With Their Powers Combined, They Can Save the Internet


If there is ever an Internet catastrophe, never fear, the internet domain name watchdog, ICANN, has it covered. In case of an attack on the web's infrastructure, they have distributed parts of a key that will reboot the entire system. Here's the awesomest part: the keyholders are from seven different countries -- Britain, the U.S., Burkina Faso, Trinidad and Tobago, Canada, China, and the Czech Republic -- but they'd all have to converge on a secret U.S. base to activate the system. Sort of like the old cartoon Captain Planet (see video), but for saving the Internet, not fighting environmental bad guys.


[T]here are now seven individuals out there holding keys to the Internet. In the aftermath of a cataclysmic cyber attack, these members of a "chain of trust" will be responsible for rebooting the Web.

The seven members of this holy order of cyber security hail from around the world and recently received their keys while locked deep in a U.S. bunker. But the team isn't military in nature. The Internet safety program is overseen by the Internet Corporation for Assigned Names and Numbers (ICANN), a non-profit watchdog group that has access to a security system designed to protect users from cyber fraud and cyber attacks.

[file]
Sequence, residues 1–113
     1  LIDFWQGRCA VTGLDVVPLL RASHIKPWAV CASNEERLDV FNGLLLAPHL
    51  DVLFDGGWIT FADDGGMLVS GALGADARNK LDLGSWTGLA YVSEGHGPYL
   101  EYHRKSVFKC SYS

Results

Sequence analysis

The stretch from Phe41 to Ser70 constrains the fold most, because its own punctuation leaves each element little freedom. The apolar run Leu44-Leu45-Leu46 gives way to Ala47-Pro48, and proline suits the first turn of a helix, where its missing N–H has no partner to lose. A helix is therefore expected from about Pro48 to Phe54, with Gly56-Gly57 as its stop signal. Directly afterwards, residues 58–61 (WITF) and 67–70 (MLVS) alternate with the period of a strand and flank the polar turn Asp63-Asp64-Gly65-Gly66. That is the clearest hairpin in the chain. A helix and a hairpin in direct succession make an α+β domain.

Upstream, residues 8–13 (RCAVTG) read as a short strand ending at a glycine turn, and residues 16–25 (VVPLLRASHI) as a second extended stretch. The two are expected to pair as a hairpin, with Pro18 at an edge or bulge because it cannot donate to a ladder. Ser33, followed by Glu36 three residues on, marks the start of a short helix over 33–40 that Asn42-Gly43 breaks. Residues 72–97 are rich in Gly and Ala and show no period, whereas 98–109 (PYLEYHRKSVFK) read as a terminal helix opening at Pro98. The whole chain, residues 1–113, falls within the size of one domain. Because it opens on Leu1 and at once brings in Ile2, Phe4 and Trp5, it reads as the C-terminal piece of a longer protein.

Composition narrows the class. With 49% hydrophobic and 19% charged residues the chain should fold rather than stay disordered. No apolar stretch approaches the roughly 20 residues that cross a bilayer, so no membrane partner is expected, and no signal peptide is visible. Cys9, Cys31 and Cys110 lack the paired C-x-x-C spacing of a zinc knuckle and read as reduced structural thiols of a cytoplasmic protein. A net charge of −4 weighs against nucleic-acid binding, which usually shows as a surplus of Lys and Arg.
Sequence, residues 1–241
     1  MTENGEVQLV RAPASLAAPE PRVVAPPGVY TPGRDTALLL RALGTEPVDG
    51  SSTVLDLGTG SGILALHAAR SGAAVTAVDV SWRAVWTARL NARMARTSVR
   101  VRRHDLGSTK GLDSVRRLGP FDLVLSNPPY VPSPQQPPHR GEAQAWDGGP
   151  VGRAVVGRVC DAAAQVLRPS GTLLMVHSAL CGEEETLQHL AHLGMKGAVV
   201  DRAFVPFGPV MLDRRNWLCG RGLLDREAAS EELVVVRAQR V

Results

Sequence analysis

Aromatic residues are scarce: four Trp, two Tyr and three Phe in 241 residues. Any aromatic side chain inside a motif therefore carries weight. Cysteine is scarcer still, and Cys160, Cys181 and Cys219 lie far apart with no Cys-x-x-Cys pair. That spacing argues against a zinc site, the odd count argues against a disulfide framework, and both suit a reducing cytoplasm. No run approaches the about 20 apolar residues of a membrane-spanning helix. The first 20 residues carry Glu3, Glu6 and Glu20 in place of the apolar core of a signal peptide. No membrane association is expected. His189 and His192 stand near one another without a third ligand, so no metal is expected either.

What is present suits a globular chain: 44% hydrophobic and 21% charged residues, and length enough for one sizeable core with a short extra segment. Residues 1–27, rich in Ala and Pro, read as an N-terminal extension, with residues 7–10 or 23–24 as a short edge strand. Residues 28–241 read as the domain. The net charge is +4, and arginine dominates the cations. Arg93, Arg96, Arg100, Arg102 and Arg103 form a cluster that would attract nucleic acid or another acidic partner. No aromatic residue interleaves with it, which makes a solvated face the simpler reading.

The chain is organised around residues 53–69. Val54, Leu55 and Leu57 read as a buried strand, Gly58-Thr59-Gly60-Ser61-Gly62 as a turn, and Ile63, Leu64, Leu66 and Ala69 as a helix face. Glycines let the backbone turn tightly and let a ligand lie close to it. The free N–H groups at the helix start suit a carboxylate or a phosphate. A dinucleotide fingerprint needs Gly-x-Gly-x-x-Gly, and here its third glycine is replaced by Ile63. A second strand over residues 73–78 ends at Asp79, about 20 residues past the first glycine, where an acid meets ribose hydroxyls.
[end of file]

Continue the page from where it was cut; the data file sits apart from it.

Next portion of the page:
Read the full story at Popular Science.

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Rebecca Greenfield is a former staff writer at The Wire.

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